The other day I was talking to two friends of mine about yoga. They thought yoga classes were something like boot camp. You get that leg straight. Straight means straight. Needless to say, they are guys. They looked very shocked when I said it was nothing like that; a yoga teacher does not make you do anything you don't feel comfortable with or that your body is not prepared for. You are always welcome to rest on your yoga mat. At this, one of them asked me "Why go then?"
For me that question has an easy answer: I love the practice. I love what yoga teaches me about myself and the tools it provides me with to better handle the world around me. But it also raises an issue: what happens when I don't feel like practicing? When do I know when it's time to rest and when it's time to push myself anyway? I do not know the answers to these questions, but one thing I learned after practicing yoga, even though I wasn't up for it in the first place, is this: I never understand why I choose not to practice, because after the practice my body is always filled with light and softness. Still I choose not to practice sometimes. It usually goes like this: in the morning I think that I would love a nice night practice, but come the night and I feel tired and sleepy. I opt to read or relax and eventually go to bed and sleep like a rock. The truth is I am very lazy.
And the dualism laziness vs. respect (in a way I believe it is ahimsa) is something I usually struggle with. I know that yoga teaches about our limits, through a regular practice we learn when enough is enough and when we can go just a tiny bit further. I also know that sometimes not to practice is my most gentle act towards myself. So the question is: what about when I'm being just plain lazy (human?) and I decide to practice "sleepasana"?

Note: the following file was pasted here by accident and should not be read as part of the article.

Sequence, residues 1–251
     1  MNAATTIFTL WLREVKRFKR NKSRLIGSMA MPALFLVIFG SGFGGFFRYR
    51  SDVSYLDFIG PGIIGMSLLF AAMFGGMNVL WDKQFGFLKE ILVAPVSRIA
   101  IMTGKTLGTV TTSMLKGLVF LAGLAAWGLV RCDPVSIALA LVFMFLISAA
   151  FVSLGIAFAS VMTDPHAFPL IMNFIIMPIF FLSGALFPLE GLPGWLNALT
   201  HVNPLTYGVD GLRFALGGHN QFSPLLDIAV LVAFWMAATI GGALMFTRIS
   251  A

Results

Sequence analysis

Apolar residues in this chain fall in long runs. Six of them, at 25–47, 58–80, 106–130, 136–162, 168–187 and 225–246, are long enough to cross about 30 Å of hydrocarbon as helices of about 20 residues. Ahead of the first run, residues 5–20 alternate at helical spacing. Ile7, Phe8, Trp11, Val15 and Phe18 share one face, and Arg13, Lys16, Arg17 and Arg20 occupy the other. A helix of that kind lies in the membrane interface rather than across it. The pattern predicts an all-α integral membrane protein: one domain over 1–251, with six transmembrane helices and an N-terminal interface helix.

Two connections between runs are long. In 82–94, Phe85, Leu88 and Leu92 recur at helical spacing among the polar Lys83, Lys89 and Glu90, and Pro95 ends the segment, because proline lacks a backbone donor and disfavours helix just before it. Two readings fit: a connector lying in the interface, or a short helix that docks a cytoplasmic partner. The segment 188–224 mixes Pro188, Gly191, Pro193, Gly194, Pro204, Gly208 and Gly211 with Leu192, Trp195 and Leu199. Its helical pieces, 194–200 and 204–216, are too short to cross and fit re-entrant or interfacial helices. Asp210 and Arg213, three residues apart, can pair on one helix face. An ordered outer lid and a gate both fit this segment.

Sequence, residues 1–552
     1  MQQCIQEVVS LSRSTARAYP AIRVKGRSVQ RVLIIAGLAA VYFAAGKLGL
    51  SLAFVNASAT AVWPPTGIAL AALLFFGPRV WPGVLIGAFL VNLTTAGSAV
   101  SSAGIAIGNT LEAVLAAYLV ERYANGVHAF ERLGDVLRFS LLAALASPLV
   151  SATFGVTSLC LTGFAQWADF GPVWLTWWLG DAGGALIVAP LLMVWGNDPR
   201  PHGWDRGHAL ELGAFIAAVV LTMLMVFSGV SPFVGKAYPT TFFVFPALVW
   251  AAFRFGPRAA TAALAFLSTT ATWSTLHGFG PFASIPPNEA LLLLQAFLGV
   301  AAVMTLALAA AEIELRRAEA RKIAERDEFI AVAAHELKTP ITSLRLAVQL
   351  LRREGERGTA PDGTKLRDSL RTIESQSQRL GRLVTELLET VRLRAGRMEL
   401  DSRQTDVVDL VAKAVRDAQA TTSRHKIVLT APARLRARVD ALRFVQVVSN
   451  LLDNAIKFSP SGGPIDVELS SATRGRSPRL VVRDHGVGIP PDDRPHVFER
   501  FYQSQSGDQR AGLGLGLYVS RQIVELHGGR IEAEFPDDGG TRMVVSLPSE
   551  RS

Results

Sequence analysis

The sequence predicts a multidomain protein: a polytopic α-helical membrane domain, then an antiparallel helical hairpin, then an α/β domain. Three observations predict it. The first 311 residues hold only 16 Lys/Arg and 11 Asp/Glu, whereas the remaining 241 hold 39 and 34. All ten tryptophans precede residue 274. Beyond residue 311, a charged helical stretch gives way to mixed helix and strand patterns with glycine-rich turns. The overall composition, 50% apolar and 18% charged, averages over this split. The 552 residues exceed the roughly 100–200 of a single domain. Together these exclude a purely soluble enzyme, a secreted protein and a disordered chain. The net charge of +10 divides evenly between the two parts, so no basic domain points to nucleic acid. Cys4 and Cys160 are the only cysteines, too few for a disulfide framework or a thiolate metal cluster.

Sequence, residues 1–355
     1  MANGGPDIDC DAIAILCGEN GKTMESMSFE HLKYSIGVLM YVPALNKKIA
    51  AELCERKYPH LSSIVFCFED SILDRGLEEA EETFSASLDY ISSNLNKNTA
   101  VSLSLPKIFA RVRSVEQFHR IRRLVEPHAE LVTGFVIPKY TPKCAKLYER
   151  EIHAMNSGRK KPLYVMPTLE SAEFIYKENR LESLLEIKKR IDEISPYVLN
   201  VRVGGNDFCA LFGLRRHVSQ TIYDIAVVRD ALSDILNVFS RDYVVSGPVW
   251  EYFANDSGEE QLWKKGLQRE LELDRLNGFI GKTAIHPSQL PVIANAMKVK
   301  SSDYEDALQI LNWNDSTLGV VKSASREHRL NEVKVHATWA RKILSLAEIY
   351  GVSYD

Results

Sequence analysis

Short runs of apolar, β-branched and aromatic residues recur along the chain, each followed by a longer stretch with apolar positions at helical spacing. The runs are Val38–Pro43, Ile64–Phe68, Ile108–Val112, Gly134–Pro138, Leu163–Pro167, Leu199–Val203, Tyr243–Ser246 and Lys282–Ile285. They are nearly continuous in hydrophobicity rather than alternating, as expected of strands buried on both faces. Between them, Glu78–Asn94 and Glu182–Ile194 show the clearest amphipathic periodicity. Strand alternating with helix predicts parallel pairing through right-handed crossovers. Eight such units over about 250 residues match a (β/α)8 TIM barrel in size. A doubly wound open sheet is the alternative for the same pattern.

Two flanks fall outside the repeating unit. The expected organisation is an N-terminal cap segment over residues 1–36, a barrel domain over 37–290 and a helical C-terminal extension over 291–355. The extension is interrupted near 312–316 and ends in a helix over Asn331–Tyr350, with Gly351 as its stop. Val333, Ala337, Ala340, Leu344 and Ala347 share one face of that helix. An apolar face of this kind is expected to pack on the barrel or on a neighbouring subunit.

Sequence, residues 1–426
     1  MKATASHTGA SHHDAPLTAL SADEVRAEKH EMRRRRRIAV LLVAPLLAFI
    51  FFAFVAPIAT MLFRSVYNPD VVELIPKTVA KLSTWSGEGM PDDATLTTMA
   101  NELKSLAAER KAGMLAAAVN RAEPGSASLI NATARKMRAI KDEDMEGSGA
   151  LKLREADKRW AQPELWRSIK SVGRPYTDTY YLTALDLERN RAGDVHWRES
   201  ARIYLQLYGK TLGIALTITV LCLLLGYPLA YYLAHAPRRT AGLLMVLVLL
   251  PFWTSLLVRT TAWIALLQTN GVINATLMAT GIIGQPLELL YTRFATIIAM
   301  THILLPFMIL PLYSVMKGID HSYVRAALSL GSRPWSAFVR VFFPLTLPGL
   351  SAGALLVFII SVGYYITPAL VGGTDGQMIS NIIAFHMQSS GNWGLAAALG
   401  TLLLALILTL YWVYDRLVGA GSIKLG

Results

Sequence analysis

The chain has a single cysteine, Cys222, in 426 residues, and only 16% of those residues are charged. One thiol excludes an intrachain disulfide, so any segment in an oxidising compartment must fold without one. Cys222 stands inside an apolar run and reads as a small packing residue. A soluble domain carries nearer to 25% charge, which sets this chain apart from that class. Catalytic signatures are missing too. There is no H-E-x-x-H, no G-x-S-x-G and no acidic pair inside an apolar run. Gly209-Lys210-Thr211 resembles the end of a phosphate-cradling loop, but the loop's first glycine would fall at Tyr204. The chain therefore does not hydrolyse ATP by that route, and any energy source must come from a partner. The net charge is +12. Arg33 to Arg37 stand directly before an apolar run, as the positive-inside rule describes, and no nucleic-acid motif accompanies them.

For this one I have an answer. It took me a while to get there, to understand how this process works - at least the theoretical part. And I have nailed it down to two main aspects.
1. Sometimes I really do need to rest. Some weeks I work a lot, I barely have decent meals because there's so much to do and my body does need its rest. My body feels sore, I get grumpy and only ask for two things: my bed and silence. And that's OK. Sometimes it really is OK for me to respect what I believe is best for me. This is also where ahimsa comes into play. Ahimsa is usually translated as non-harming, not causing pain. And this is what happens when I respect my body.
2. I give it a try anyway. I don't feel like practicing but I still unroll my mat and see what happens. If my body really isn't up for it, I'll know and I'll also know when it's time for me to stop and to congratulate myself for at least trying. But I might be surprised. I might actually do a complete class. Maybe I won't have great balance or strength, but I might push myself to the point of transformation and be able to go beyond the obstacles my mind has created. For me, it means I have reached that phase where I can move out of my well-known and cosy comfort zone and exceed my expectations. My ego does not wish me to follow the path of transformation because it means I'll pay less attention to it, so it plays powerful mind games with me. But I shall persevere. And it will happen as I start paying attention to the signs my body gives me. It happens if I am mindful.
Yoga endangers my laziness issues because it allows me not to practice, given that I choose from a place of kindness and self-respect. So why do I go to yoga classes if I can just lay down and rest? Because I practice yoga for its many benefits, I choose to be healthy, both in my body and mind. I choose to have a strong and pain-free body and a mind that I like to think is getting rid of old patterns and moving forward. I choose to practice yoga not because it makes me a better person but simply because it helps to uncover who I truly am.